A medium-sized hawker dragonfly, so-called because of its tendency to population movements in good weather. The male resembles other blue-spotted species, and is most readily recognised by a combination of the yellow ‘golf-tee’ mark just behind the base of the wings, and the reduced stripes on the top of its mid brown thorax. Females and immatures are a dull grey-brown on the abdomen. More sociable and non-aggressive than other hawkers, the Migrant may occur in some abundance at any one site; it tends to perch more often than its larger relatives, hanging vertically on vegetation.
Migrant Hawkers breed in a variety of lowland waters, including water-filled ditches, especially when these have thick marginal and emergent vegetation. Sheltered, warm sites are required for the fast (one-year) larval development. Adults are often seen well away from water, along hedges and forest rides. The British range has extended markedly over the past 50 years or so and the species is now seen throughout most of England and Wales.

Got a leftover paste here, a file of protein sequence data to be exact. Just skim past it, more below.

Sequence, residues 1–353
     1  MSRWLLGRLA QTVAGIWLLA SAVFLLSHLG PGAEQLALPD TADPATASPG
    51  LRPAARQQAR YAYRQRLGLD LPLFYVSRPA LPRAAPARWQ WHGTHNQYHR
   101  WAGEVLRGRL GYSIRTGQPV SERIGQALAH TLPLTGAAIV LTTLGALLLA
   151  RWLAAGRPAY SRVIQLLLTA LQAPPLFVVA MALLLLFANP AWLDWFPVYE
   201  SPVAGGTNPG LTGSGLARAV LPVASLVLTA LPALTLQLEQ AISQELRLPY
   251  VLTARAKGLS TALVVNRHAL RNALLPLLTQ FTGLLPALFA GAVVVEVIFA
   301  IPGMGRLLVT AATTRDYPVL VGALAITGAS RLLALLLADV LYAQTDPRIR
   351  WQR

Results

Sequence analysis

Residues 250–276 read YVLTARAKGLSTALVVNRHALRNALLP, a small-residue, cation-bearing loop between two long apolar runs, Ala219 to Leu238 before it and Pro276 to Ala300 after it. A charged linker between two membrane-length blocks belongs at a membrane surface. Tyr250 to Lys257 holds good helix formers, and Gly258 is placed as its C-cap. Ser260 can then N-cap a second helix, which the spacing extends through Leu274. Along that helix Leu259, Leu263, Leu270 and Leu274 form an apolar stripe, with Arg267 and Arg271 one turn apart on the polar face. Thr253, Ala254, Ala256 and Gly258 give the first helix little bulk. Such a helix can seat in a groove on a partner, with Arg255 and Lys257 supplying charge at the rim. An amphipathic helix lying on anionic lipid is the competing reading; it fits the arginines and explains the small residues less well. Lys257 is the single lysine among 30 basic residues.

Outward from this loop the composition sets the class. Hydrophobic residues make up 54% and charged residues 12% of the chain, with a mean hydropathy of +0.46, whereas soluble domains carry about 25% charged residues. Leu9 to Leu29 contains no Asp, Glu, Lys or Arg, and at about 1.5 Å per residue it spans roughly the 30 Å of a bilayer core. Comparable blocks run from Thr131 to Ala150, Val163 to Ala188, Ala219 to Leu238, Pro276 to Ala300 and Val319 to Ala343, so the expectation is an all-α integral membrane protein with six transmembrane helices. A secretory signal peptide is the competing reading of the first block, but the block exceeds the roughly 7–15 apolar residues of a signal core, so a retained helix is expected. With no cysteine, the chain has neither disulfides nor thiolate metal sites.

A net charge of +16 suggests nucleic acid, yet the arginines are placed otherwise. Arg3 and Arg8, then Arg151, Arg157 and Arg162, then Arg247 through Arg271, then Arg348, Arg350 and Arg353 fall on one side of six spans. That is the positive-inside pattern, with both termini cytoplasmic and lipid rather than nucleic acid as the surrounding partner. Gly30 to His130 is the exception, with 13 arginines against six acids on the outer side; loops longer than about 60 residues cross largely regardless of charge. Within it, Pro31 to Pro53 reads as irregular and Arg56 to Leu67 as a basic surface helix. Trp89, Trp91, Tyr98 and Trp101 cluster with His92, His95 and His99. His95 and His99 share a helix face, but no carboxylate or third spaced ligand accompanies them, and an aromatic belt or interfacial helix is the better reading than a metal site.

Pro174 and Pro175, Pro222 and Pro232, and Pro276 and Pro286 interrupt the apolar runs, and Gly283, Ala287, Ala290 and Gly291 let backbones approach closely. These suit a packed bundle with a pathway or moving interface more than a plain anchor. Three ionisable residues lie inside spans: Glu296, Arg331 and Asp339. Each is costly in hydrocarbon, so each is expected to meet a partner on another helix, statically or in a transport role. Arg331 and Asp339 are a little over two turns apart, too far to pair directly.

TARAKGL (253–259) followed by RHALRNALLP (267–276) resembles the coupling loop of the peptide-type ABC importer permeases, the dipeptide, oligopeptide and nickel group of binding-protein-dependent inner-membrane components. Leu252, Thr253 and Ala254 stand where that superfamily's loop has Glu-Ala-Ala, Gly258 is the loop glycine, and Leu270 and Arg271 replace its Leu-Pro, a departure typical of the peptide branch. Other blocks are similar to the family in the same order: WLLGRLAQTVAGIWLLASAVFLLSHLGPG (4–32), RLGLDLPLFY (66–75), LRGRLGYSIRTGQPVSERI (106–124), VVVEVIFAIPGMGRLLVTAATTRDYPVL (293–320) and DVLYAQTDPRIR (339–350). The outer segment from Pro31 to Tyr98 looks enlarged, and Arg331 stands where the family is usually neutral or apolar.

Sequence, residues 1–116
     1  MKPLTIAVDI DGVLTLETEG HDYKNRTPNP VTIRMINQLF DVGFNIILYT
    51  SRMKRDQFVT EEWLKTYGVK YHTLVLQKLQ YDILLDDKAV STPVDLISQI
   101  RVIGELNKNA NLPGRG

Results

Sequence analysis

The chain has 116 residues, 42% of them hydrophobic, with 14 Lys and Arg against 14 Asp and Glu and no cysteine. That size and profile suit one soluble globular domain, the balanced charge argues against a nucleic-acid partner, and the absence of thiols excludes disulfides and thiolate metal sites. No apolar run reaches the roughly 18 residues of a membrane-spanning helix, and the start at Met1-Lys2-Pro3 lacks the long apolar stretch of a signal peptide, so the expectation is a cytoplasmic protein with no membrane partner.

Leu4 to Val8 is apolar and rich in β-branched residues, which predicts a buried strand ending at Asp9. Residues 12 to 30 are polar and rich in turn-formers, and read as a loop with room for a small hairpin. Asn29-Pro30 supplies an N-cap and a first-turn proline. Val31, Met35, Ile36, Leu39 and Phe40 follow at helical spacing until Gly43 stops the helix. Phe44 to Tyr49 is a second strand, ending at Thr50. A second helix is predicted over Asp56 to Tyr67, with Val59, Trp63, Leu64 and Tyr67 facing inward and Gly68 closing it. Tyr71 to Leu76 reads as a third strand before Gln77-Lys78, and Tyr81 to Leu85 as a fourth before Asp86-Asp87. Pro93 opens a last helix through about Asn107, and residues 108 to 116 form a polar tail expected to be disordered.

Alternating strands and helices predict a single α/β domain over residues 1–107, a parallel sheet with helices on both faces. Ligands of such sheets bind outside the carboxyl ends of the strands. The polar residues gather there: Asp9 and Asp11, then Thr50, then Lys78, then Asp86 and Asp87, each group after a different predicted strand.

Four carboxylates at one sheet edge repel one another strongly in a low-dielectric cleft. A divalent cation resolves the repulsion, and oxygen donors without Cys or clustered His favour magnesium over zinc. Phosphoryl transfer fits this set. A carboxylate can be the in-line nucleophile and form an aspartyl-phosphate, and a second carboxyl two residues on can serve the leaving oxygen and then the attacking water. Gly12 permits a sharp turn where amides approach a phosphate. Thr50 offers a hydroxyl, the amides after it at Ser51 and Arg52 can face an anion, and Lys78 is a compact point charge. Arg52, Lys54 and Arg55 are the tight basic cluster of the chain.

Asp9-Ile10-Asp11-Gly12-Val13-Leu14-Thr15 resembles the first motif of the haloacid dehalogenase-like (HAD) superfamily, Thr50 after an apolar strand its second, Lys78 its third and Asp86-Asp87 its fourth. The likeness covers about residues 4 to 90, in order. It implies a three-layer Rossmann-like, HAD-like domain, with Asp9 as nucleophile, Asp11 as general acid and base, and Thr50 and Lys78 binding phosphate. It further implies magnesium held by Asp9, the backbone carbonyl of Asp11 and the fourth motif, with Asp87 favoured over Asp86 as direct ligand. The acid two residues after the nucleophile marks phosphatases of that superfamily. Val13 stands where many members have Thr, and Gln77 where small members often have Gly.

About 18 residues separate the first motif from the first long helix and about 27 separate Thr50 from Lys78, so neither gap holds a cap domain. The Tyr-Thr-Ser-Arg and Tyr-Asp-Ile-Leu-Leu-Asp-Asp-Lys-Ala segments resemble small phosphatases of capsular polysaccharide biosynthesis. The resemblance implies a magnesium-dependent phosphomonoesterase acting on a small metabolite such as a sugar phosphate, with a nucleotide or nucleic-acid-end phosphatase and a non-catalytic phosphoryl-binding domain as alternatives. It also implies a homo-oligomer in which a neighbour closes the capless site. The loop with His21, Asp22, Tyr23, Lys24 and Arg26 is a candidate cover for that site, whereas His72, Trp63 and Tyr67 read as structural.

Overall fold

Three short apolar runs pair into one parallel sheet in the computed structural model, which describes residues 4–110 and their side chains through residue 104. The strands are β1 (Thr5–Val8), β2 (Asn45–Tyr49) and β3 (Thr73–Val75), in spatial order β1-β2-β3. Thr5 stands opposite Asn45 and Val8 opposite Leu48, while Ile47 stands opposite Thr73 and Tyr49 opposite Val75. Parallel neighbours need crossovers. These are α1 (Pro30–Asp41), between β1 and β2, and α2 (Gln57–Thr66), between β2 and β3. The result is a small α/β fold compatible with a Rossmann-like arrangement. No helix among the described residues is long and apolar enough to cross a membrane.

The Migrant Hawker is a late summer species, not usually emerging before late July. It may be on the wing until October or even November in mild autumns. There are no Cumbria records before c.1999. Since then it has been regularly seen in the extreme south, and usually not far from the coast. The good summer of 2003 resulted in many sightings near the Solway Firth, and the highest annual numbers to date. It is not yet been proved to breed in the county, though pairing has been noted.
Photo: mating pair, male above - Paul Kennedy, 2006
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